From the Archives, Feb. 4, 1997: Imperial Storm Troopers invade Fairbanks: movie review
Eric Barczak / Contributor
This past weekend, science fiction fans across America flocked by the thousands to see the re-release of “Star Wars.” This new release added new footage and enhanced footage and enhanced footage added to the original film.
The story behind “Star Wars” is familiar: the struggle of a few noble rebels against a tyrannical government. The rebels’ cause draws together two robots, a farm boy, a pair of smugglers, a princess and an aged mystic. Together they make a stand against the Empire’s masters, in an attempt to return peace and order to the galaxy.
In the Special Edition, several scenes that are edited from the original movie were restored: an encounter between Han Solo (the smuggler) and Jabba the Hut (a crime lord), and the reunion between Luke Skywalker (the farm boy) and his friend from childhood, Biggs, before they fly to assault the Death Star. The additional footage provides some clarification to the story, and increases the cohesiveness of the movie. In the case of the meeting between Solo and Jabba, the scene helps to explain several of the events in the second and third movies of the “Star Wars Trilogy.”
Some new additions to the movie include several computer generated lizards and robots—most prevalent in the spaceport of Mos Eisley. While the additions provided for some increased flavor, and some cosmic relief, neither really adds to the story whatsoever. Also, compared to the twenty-year-old original, the computer generations seem out of place. Even the computerized Jabba the Hutt, felt a bit awkward.
iThe [sic] final assault on the Death star—the empire’s armored space station—was almost completely remade. Instead of the fighters moving sluggishly through space as in the original, the special edition now has fighters that move and bank so fast that one almost wants to massage the whiplash from one’s neck. This scene is probably the most significant change to the movie and the one that really makes the special edition worth seeing.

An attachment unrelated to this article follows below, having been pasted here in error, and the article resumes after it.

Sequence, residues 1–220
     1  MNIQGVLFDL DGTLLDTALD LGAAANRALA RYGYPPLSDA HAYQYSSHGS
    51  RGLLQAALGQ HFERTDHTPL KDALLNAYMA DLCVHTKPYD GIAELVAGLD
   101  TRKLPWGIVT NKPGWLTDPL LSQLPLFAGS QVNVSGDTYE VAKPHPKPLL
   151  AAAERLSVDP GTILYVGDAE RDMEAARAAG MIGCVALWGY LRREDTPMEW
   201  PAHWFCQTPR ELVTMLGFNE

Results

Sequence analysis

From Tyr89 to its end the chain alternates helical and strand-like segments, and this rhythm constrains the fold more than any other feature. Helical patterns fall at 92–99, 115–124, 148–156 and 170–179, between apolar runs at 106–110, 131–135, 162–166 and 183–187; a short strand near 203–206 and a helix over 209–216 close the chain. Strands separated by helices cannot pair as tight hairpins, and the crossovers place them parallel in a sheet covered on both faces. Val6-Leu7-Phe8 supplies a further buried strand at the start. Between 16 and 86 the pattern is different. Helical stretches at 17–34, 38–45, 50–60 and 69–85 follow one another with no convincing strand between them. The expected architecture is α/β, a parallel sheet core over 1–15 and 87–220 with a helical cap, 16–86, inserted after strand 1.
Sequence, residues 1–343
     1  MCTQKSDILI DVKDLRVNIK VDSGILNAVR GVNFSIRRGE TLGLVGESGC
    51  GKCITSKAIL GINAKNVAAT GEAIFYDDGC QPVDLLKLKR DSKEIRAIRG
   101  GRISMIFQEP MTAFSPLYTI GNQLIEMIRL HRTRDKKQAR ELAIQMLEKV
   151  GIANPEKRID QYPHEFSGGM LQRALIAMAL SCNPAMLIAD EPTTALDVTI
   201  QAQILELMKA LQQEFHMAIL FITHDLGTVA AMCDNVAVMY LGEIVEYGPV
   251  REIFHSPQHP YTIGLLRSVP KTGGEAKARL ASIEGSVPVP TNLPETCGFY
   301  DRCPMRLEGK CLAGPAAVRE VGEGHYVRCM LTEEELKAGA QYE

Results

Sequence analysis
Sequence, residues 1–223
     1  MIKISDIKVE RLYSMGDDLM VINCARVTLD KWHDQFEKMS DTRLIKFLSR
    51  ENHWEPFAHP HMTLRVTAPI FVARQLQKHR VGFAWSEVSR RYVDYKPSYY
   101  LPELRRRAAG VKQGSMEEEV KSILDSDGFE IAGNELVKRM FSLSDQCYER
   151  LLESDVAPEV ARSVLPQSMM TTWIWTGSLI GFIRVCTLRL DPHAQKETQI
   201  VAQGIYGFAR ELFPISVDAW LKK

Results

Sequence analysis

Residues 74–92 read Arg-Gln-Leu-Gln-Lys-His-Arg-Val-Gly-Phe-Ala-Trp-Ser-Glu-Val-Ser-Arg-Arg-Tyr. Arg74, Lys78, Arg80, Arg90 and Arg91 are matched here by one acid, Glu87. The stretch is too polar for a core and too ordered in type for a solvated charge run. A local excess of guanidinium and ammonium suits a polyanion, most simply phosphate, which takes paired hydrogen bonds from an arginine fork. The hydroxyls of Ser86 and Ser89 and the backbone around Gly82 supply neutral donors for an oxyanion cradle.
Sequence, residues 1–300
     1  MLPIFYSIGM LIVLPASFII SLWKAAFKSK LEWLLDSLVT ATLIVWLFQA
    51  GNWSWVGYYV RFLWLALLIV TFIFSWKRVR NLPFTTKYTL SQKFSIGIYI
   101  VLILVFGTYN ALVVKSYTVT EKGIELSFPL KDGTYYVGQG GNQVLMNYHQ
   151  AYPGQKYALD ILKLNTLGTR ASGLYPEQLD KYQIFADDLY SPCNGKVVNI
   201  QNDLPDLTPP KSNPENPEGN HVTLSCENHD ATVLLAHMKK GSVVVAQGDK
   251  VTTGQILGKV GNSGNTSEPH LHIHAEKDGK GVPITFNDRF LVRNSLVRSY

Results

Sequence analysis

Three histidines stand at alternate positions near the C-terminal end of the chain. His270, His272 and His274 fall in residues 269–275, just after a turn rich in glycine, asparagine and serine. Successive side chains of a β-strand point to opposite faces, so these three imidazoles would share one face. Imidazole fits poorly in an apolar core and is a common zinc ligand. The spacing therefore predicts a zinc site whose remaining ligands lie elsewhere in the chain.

The final reason to see the new release has nothing to do with added scenes or new footage. It is the experience of seeing the movie in the theater. After experiencing the movie for the past twenty years on television, the wide-screen format of the movie theater restores much of the detail lost in transferring the movie from the big to the small screen. Coupled with the Dolby Digital sound, the movie experience makes a person, in the words of a fellow member of my fraternity, unable to watch the movie on the television anymore. I recommend the experience for people who remember the movie when it first came out and, especially, anyone who has never seen the movie on the big screen.
The other two movies of the trilogy: “The Empire Strikes Back” and “Return of the Jedi,” will be re-released in theaters in the coming months.